A total of 1225 patients were enrolled and randomised 1:1 to receive either docetaxel (75 mg/m2 intravenous infusion) or TECENTRIQ (1200 mg intravenous infusion) every three weeks. Treatment on TECENTRIQ continued as long as patients experienced clinical benefit as assessed by the investigator or until unacceptable toxicity. The primary efficacy analysis was based on the first 850 randomised patients, and the secondary efficacy analysis will include all 1,225 randomised patients.
About non-small cell lung cancer
Lung cancer is the leading cause of cancer death globally. Each year 1.59 million people die as a result of the disease; this translates into more than 4,350 deaths worldwide every day. Lung cancer can be broadly divided into two major types: NSCLC and small cell lung cancer. NSCLC is the most prevalent type, accounting for around 85% of all cases.
About TECENTRIQ (atezolizumab)
TECENTRIQ is a monoclonal antibody designed to target and bind to a protein called PD-L1 (programmed death ligand-1), which is expressed on tumour cells and tumour-infiltrating immune cells. PD-L1 interacts with PD-1 and B7.1, both found on the surface of T cells, causing inhibition of T cells. By blocking this interaction, TECENTRIQ may enable the activation of T cells, restoring their ability to effectively detect and attack tumour cells.
TECENTRIQ is the first and only anti-PD-L1 cancer immunotherapy approved by the FDA, and is indicated for the treatment of people with locally advanced or metastatic urothelial carcinoma (mUC) who have disease progression during or following platinum-based chemotherapy, or whose disease has worsened within 12 months of receiving platinum-based chemotherapy before surgery (neoadjuvant) or after surgery (adjuvant). This indication for TECENTRIQ is approved under accelerated approval based on tumour response rate and duration of response. Continued approval for this indication may be contingent upon verification and description of clinical benefit in confirmatory trials.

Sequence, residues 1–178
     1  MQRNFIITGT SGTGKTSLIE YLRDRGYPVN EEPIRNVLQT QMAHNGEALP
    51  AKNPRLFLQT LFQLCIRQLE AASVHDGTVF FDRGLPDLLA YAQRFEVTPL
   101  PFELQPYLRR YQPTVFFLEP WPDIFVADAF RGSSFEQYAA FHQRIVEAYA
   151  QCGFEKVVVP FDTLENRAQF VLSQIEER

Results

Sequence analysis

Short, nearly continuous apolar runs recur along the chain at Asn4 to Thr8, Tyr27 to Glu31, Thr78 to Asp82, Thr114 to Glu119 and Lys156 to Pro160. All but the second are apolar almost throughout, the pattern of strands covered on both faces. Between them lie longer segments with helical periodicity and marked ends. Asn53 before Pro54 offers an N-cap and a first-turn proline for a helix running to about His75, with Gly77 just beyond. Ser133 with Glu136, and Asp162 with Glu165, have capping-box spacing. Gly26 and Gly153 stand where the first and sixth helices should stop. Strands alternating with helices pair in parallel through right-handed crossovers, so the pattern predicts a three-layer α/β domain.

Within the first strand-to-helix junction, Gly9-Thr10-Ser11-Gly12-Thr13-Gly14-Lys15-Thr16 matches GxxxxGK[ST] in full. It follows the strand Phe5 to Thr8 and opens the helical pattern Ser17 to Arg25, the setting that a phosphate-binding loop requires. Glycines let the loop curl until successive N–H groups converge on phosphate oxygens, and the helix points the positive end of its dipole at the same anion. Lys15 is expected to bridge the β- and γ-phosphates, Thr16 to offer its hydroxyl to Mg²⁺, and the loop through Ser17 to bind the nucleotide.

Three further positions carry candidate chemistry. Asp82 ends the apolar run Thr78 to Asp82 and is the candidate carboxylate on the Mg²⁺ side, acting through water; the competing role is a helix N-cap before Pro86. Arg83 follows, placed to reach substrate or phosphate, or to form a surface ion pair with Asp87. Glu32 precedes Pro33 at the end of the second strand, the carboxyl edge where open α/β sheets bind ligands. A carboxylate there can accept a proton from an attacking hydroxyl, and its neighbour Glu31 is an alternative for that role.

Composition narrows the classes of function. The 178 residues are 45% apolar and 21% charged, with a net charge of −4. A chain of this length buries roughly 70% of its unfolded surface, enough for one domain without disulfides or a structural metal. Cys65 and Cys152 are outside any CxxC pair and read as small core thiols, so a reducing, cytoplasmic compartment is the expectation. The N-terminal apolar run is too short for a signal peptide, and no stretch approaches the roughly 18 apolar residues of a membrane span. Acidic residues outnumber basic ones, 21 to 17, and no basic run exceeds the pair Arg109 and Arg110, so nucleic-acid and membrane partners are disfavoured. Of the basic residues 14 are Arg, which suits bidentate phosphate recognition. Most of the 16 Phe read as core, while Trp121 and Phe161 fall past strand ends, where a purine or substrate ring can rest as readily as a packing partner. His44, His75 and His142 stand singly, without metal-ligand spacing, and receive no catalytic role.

About Roche in cancer immunotherapy
For more than 50 years, Roche has been developing medicines with the goal to redefine treatment in oncology. Today, we’re investing more than ever in our effort to bring innovative treatment options that help a person’s own immune system fight cancer.
About personalised cancer immunotherapy (PCI)
The aim of personalised cancer immunotherapy (PCI) is to provide patients and physicians with treatment options tailored to the specific immune biology associated with a person’s individual tumour. The purpose is to inform treatment strategies which provide the greatest number of people with a chance for transformative benefit. In the case of TECENTRIQ, the goal of PD-L1 as a biomarker is to explore PD-L1 expression on tumour cells and tumour infiltrating immune cells and how that correlates with clinical benefit either as a monotherapy or in combination, and across a broad range of tumour types. The Roche PCI research and development programme comprises more than 20 investigational candidates, ten of which are in clinical trials.
PCI is an essential component of how Roche delivers on the broader commitment to personalised healthcare. To learn more about the Roche approach to cancer immunotherapy please follow this link: